I look at you again and I can see the life ahead of me. My return to our office alone, stopping at some facility to see him before I go home to our child.

But I will never see you as a burden, Mulder, I can't. I love you too much, I think as I lean forward and kiss your cheek.

What I will do is mourn our loss. And continue to hope that you will come back to me. Maybe you will; or maybe simply having your breath on my skin will be enough. But the important things, your intellect, your support...those things are gone and at this point it doesn't seem like they will ever return.

I tell you that I want to take you home, but that isn't really where you will go. You can't go to either of our homes. You requires constant care. I will have to put you in a nursing home. I can't fathom you being in such a place, in this state. After all that we have endured, all that we've seen and discovered, it seems like the cruelest twist of fate. I'm sure you wouldn't be able to imagine yourself like this either, if you were aware of anything around you.

Oh God...what if you are aware? What if you have questions and I'm not answering them? I still haven't said anything about the baby. If you were cognizant, you would ask me. What if you're trapped inside that body screaming questions at me?

I look back at you, Mulder, my eyes now filling with tears. There will be no more secrets.


When we put you back in your bed I ask the orderly to scoot you to one side. He nods and smiles at me. The staff here has been very kind. There's something different about the people in the Midwest. They don't ask a lot of questions, but seem to know what I need.

I tuck my body around you, with our baby snuggled between us. I scoot myself up so that my mouth is next to your ear. I begin with the phone call from Byers telling me about your disappearance. I tell you about the doctor breaking the news that I wasn't going to die of cancer, but rather that a new life was in me. I tell you about the PCR tests, waiting to make sure that this child would be healthy.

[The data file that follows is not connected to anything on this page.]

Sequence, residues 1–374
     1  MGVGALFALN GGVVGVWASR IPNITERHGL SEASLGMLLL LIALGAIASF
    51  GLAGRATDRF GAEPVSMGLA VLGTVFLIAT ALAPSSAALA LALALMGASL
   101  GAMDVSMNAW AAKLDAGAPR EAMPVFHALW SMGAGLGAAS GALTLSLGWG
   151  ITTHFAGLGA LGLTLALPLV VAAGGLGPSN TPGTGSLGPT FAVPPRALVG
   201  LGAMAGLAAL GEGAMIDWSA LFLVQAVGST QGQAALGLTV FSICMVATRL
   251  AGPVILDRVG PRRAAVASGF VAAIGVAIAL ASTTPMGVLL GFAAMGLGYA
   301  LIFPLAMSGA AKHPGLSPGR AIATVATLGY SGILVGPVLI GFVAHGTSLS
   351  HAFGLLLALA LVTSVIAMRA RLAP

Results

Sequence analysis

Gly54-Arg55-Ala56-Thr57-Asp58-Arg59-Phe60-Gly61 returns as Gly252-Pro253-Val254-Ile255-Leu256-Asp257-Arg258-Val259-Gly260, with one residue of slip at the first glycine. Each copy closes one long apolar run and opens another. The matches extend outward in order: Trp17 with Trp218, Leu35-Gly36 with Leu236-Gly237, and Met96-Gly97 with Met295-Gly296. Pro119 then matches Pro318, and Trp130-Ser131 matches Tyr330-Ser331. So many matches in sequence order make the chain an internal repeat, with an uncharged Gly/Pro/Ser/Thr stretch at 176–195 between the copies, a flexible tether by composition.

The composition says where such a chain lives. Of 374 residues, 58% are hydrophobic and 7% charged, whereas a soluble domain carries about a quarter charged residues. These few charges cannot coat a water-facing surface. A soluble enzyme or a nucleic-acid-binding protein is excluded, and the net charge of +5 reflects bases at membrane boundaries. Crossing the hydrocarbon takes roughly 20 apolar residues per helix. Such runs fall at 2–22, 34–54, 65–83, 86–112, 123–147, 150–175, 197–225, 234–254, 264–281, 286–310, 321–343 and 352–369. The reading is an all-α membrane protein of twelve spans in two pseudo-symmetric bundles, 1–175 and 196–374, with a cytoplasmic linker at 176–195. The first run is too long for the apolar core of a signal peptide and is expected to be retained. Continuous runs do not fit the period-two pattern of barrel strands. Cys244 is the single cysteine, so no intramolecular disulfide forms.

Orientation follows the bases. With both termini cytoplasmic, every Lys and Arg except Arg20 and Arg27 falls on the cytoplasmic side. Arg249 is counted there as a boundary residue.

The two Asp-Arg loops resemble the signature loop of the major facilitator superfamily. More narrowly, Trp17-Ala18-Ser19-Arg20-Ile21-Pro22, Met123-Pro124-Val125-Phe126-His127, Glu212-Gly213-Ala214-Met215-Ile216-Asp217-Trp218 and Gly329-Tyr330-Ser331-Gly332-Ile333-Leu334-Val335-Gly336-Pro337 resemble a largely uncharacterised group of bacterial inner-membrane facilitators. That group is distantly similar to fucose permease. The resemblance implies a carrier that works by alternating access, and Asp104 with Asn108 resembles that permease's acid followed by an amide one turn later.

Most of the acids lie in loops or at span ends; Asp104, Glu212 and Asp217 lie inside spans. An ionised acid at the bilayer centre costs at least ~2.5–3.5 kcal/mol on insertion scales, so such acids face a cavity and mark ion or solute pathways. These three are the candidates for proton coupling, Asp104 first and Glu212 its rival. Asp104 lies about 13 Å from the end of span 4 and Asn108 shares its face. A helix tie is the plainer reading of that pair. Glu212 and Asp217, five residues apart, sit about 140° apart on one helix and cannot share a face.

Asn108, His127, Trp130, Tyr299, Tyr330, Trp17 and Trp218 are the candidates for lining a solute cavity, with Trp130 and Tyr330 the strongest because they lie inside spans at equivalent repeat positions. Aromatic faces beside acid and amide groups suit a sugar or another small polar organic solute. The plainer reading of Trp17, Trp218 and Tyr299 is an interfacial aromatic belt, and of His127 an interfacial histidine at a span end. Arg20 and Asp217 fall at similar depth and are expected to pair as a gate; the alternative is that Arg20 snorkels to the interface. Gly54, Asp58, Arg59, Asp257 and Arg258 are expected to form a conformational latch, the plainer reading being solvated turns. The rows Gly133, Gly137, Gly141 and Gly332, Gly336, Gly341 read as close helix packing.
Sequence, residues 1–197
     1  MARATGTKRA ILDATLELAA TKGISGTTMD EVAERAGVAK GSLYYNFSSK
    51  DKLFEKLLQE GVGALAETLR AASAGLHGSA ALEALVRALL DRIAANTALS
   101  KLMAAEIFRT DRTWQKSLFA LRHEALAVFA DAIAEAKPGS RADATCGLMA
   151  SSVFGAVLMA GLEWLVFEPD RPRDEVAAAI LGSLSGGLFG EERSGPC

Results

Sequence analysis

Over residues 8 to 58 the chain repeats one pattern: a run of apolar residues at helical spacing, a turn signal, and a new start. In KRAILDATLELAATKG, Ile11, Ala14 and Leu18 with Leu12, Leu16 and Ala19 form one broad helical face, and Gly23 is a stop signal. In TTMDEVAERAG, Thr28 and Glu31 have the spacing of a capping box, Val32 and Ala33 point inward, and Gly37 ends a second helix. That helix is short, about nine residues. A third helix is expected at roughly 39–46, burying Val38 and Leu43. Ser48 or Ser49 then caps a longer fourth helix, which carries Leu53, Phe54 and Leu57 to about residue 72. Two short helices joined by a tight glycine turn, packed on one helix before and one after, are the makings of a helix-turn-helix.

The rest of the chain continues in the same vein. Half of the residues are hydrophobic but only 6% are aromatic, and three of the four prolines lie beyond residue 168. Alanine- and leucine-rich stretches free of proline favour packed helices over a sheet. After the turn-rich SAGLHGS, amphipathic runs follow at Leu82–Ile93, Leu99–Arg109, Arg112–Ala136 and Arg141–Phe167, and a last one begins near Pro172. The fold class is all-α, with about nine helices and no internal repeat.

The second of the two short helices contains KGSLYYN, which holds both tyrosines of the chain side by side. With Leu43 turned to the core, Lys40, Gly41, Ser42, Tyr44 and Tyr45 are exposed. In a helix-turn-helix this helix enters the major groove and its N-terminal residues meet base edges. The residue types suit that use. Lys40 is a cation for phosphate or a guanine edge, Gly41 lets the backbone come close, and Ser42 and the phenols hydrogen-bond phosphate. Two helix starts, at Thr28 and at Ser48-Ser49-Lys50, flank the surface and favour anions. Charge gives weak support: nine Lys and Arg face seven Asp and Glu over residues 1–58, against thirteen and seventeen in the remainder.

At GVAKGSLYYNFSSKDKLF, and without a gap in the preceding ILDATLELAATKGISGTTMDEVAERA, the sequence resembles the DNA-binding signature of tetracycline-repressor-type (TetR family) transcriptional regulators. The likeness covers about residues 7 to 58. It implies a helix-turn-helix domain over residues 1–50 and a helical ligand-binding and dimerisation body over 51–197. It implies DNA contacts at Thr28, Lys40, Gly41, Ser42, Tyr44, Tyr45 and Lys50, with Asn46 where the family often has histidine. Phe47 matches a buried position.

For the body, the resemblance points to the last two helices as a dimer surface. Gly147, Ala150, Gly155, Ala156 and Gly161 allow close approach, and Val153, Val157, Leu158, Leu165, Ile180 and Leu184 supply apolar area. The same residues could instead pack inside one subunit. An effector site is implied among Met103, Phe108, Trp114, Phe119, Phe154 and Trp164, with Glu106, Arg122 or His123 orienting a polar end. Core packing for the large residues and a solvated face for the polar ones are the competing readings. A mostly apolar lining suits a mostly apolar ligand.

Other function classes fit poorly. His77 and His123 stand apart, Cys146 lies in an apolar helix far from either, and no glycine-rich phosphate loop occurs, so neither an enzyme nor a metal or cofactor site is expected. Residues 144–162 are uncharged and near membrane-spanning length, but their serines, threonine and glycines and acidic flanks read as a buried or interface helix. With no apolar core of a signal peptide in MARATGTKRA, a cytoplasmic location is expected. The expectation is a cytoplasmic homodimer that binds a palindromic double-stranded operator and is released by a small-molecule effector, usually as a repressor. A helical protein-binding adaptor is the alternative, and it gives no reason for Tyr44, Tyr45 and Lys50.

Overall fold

I tell about searching for you and worrying that you would never see your child. I tell you about my own worries that someone will take this child from me like they took Emily, how I've prayed that we will have a baby boy so I don't have to think about looking into her face again. I tell you how I considered ending the pregnancy to prevent anyone from hurting my child...our child. I tell you how in the end it was never even a remote possibility.

I tell you what I've never told you before. I tell you that I love you, Mulder, with all of my heart. I wrap my arms around you and pull you as tight to me as I can. I tell you that I will be with you no matter what.


The next morning in your bed I wake thinking that things will all be better. If anything will bring you out of this state, my love has to do it, doesn't it? Of course nothing is ever that simple. Instead I have a crick in my neck and an ache in my lower back. I crawl out of the warm bed and head for Dr. Sandford. One thing was for certain; we need to go back home.

I make the arrangements with the hospital. Skinner has been more than helpful on his end, getting us an air ambulance and having you pre-admitted to Georgetown Memorial. He still feels so guilty about your disappearance and this is one of the first things I have been able to let him do. I continue to keep the faith that you'll awaken before it became necessary to transfer you anywhere else.

I head back to the small motel room I had spent the few hours I had been able to pull myself away from your side. It would have made you proud. Before I met you, Mulder I didn't know anyone stayed at these little roadside motels, now I can hardly make myself stay anywhere else.

I reach for my suitcase and touch the clothes that I packed for you, in anticipation of finding you. But have I found you at all? In so many ways you're still lost to me and as the days go by I begin to wonder if that will ever change. I lie down on the bed and pull the shirt on top toward me. Your scent still lingers within it. I feel like such a soap opera heroine as I pull it toward my face and breath deeply. I want you with me, Mulder. I need you.

FIN